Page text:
LONDON — The European Union is threatening unspecified retaliation if the United States imposes new sanctions on Russia that affect its energy supplies. But as usual, the 28-nation bloc is divided, with central European countries more willing to see limits on the bloc’s dependence on Russian oil and gas.
The new round of sanctions has been driven by the United States Congress, which is intent on punishing Russia for its suspected meddling in last year’s presidential election. Bipartisan support in Congress for the new sanctions is so strong that the White House has suggested that President Trump will sign the bill that emerges and not veto it.
But the new sanctions have important implications for Europe and have immediately threatened to become yet another wedge dividing the United States from its traditional European allies.
As written, the sanctions target any company that contributes to the development, maintenance or modernization of Russia’s energy export pipelines.
That would almost surely affect a controversial pipeline project between Russia and Germany known as Nord Stream 2, which is owned by Gazprom but includes financial stakes from European companies. The project aims to carry Russian natural gas under the Baltic Sea, bypassing countries like Ukraine, Poland and the Baltic States.
The new pipeline, in rough parallel to the existing Nord Stream 1, is being built to carry another 55 billion cubic meters of natural gas per year, underscoring Europe’s continuing need for Russian energy.
“We are following the draft bill on Russia sanctions with some concern, notably because of its possible impact on the E.U.’s energy independence,” a European Commission spokesman, Margaritis Schinas, said on Monday.
Jean-Claude Juncker, the president of the European Commission, the bloc’s bureaucratic arm, has called for an urgent review of how the European Union should respond.
Brussels should be prepared to act “within days” if the sanctions are adopted “without E.U. concerns being taken into account,” according to a position paper drafted by the European Commission dated July 19.
The paper argued that the sanctions could affect the maintenance or upgrading of existing pipelines from Russia into Ukraine and elsewhere around the Caspian Sea.
It also raised concerns that unity could be broken between the United States and the European Union on how to deal with Russia for its annexation of Crimea and sponsorship of warfare in eastern Ukraine.
The European Union — which does much more business with neighboring Russia than the United States does — imposed a series of sanctions on Russia, including on specific energy companies, beginning in 2014 over its actions in Ukraine.
The new sanctions would add punishments against Russian energy, financial, rail, shipping and metals and mining sectors.
The European Commission is seeking assurances from Washington that, if passed, the new measures will not be applied in a way that affect European Union interests or energy companies.
It has also suggested that European law could be used to prevent the application of “extraterritorial” measures by the United States, and it hinted at trade retaliation.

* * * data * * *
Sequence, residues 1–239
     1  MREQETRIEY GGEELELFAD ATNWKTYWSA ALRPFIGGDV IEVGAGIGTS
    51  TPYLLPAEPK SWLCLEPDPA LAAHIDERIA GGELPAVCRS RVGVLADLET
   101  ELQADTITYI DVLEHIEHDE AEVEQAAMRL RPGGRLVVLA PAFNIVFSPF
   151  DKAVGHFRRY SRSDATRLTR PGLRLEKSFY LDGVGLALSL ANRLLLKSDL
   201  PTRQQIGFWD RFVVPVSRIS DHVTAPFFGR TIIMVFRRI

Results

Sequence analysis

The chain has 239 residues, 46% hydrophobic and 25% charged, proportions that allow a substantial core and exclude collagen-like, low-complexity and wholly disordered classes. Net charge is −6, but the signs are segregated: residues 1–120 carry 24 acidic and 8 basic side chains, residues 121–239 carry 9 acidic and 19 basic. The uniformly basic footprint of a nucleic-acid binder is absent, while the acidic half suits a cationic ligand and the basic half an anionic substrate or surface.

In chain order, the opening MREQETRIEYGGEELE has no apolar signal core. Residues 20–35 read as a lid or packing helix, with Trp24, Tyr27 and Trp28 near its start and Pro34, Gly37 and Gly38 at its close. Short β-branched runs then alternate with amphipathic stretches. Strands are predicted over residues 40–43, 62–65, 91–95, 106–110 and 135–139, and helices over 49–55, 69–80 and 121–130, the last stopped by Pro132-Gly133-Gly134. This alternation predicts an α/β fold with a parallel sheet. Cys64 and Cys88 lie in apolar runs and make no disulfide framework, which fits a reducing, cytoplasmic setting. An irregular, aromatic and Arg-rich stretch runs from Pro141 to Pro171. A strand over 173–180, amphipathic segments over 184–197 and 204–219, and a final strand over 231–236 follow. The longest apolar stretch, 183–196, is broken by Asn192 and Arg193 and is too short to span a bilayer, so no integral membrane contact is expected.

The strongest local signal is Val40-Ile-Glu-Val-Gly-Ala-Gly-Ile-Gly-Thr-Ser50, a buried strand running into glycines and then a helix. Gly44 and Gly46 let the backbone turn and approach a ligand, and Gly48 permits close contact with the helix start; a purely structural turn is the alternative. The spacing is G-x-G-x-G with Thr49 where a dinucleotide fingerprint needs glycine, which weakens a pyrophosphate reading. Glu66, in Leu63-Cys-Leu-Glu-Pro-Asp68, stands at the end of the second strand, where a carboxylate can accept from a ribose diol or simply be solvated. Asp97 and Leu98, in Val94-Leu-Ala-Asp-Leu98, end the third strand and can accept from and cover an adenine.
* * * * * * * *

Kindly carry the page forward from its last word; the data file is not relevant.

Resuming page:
The tensions over the potential new sanctions on Russia come on top of other recent disputes on trade issues with the Trump administration.
Previously, Mr. Juncker threatened rapid retaliation in response to Mr. Trump’s contemplated new punitive tariffs on steel imports, which would affect more than a dozen countries, including some in Europe.
“We are prepared to take up arms if need be,” he said earlier this month at the G-20 summit meeting in Hamburg.
Retaliatory targets for the bloc could include American whiskey imports. “I don’t want to tell you in detail what we’re doing,” Mr. Juncker said then. “But what I would like to tell you is that within a few days — we won’t need two months for that — we could react with countermeasures.”
Mr. Trump has opposed further sanctions on Russia. The impetus instead has come from a Congress that wants to tie the president’s hands on Russia and prevent him from lifting earlier sanctions imposed by President Barack Obama over Ukraine.
That earlier round of sanctions was carefully calibrated between the United States and its European allies to keep everyone on board and preserve a united response to Russia’s land grab in Ukraine. Energy, which divides even European partners, was a crucial part of that calculus.
Nord Stream 2 is important for Germany. But it has been fiercely criticized by central and eastern Europeans. Donald Tusk, the president of the European Council and a former Polish prime minister, is a vocal critic of the pipeline, urging strict regulation of a project he has said would strengthen Moscow.
In a June letter to the European Commission, Mr. Tusk expressed his “negative view” of the project.
It will allow Russia “to close down the transit route through Ukraine, leaving our partners at Russia’s mercy, while its aggression has not ended,” he wrote.
“It also contradicts the objective we have set for the energy union,” making Europe “more dependent on Russian supplies,” and “will strengthen Gazprom’s position as the E.U.’s dominant gas supplier. In short, it will not serve the best European interest.”